It’s a Wonderful Life

Merrill wallet2

Come to Papa


In this continuation of yesterday’s post (An Honest Person), I decided to name it after my favorite movie of all time, which I had never seen until well into my thirties, when I was staying with my oldest brother and his family one Christmas holiday. It reinforced what I suppose I always knew – that everyone’s life has meaning, and that little things can cause huge ripple effects, a lot of times when we aren’t even aware of them. But more on that another day.

So there I was, in a car with a limited amount of fuel, a thousand miles from home, with no money or credit cards, and no options. No options, that is, if you’re the average person. But this is where your ways are not my ways, and my ways are not your ways, saith the Village Idiot.

As dumb luck would have it, I always carried my checkbook with me on those out of state trips. I had the paranoia of a person who worried about leaving the checkbook in my condo back home and some burglar breaking in, stealing it, posing as me, cashing checks, spending dough, while dancing and doing backflips. I even took the entire box of checks with me on trips! Of course you ask: What about if someone broke into your car? Don’t ask – I’m the Village Idiot, leave it at that. Let’s just say I had a pretty good hiding place in my car.

I went to a branch of my bank – they are located all over the U.S. (another case of dumb luck), and I was able to write a check to cash, without an I.D., but with a few magic questions answered to prove it was me – problem solved. I would have to wait until I got home to get new credit cards – I hope your happy, dishonest thief!

Two days later … yes that’s right, two days later, I got a phone call. The manager from the convenience store informed me that someone had turned in the wallet that very day! And all the money and credit cards were still inside? Yes!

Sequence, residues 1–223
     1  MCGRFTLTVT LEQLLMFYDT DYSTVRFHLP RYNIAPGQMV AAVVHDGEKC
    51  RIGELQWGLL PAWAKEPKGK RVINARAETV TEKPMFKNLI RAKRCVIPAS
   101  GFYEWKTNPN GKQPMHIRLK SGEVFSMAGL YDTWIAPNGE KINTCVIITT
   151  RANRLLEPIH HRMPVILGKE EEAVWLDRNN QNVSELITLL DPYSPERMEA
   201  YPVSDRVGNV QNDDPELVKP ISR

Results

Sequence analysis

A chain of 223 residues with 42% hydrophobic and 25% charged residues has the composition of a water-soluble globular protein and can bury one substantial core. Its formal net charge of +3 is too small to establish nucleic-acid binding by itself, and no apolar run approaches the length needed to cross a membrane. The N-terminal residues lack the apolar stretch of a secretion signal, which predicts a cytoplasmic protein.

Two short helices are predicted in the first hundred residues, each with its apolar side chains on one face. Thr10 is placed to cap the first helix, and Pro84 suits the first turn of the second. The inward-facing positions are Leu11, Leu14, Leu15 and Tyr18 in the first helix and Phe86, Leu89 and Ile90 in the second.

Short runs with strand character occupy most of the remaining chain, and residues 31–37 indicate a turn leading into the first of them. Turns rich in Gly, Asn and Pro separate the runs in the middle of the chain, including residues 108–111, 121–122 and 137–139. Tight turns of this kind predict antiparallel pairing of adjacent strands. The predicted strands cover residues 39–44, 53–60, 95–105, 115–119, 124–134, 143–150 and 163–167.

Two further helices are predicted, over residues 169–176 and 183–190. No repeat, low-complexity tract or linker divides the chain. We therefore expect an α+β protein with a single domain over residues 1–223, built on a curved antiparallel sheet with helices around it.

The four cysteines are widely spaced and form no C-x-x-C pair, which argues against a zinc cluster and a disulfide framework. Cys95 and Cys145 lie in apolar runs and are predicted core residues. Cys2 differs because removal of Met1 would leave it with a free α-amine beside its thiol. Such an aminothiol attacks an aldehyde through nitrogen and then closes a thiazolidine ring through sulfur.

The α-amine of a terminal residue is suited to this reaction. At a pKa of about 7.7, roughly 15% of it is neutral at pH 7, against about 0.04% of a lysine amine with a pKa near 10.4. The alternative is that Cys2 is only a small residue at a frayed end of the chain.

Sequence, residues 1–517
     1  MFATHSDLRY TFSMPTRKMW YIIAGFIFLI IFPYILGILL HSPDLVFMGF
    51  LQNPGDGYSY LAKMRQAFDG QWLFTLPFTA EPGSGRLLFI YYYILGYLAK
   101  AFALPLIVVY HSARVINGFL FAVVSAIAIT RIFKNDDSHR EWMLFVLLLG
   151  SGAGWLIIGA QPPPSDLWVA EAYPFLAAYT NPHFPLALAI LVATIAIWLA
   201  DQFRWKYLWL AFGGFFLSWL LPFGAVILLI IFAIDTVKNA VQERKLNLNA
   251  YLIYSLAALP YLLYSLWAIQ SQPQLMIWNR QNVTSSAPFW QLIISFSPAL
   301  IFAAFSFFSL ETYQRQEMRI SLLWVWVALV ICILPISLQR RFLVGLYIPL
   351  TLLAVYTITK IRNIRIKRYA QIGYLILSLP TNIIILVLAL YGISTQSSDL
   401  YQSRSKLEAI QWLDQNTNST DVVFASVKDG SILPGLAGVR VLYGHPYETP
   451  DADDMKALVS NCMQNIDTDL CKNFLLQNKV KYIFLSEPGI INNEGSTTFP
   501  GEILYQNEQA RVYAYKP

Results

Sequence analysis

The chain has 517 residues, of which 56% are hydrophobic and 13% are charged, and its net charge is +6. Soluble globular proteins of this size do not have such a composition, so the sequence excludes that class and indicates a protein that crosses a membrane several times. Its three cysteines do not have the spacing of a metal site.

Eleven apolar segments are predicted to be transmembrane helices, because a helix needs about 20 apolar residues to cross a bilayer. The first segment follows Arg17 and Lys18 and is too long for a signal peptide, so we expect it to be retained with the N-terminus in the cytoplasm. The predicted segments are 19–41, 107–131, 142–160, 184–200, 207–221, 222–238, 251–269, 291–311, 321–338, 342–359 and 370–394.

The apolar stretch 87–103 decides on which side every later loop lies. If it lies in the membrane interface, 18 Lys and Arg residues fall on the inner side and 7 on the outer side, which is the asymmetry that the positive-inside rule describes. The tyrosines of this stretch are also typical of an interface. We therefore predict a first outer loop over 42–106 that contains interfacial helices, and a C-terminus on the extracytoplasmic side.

I was about 250 miles from the store when I received the call. I turned around and headed back. I cut off about 50 miles of the trip by going over what’s known as Hwy 1 (AKA the Trough Road) – a gravel and dirt road that was an adventure all by itself. But I was so grateful for the honesty of this one person, I didn’t mind all the bumps and ruts along the road.

But the mystery was why it took so long for somebody to spot the wallet in the parking lot. There are 2 possible explanations. First, I had parked on the opposite side of the lot, away from the store, near the street, and there wasn’t much traffic there. Second, you don’t see a wallet if you aren’t looking for one – you see what you really want to see, as the saying goes. Perhaps all the people, except for that one person, hadn’t noticed it.

But that would also imply that the people who worked in the store hadn’t conducted a very thorough search when I first called. I don’t know, but it didn’t matter at that point. I had my wallet back, with my driver’s license, and all the cash and credit cards untouched. Credit cards that were no longer valid, but so what?

There was one more honest person in the world, and that’s what really mattered.


From A Memoir of Most of It

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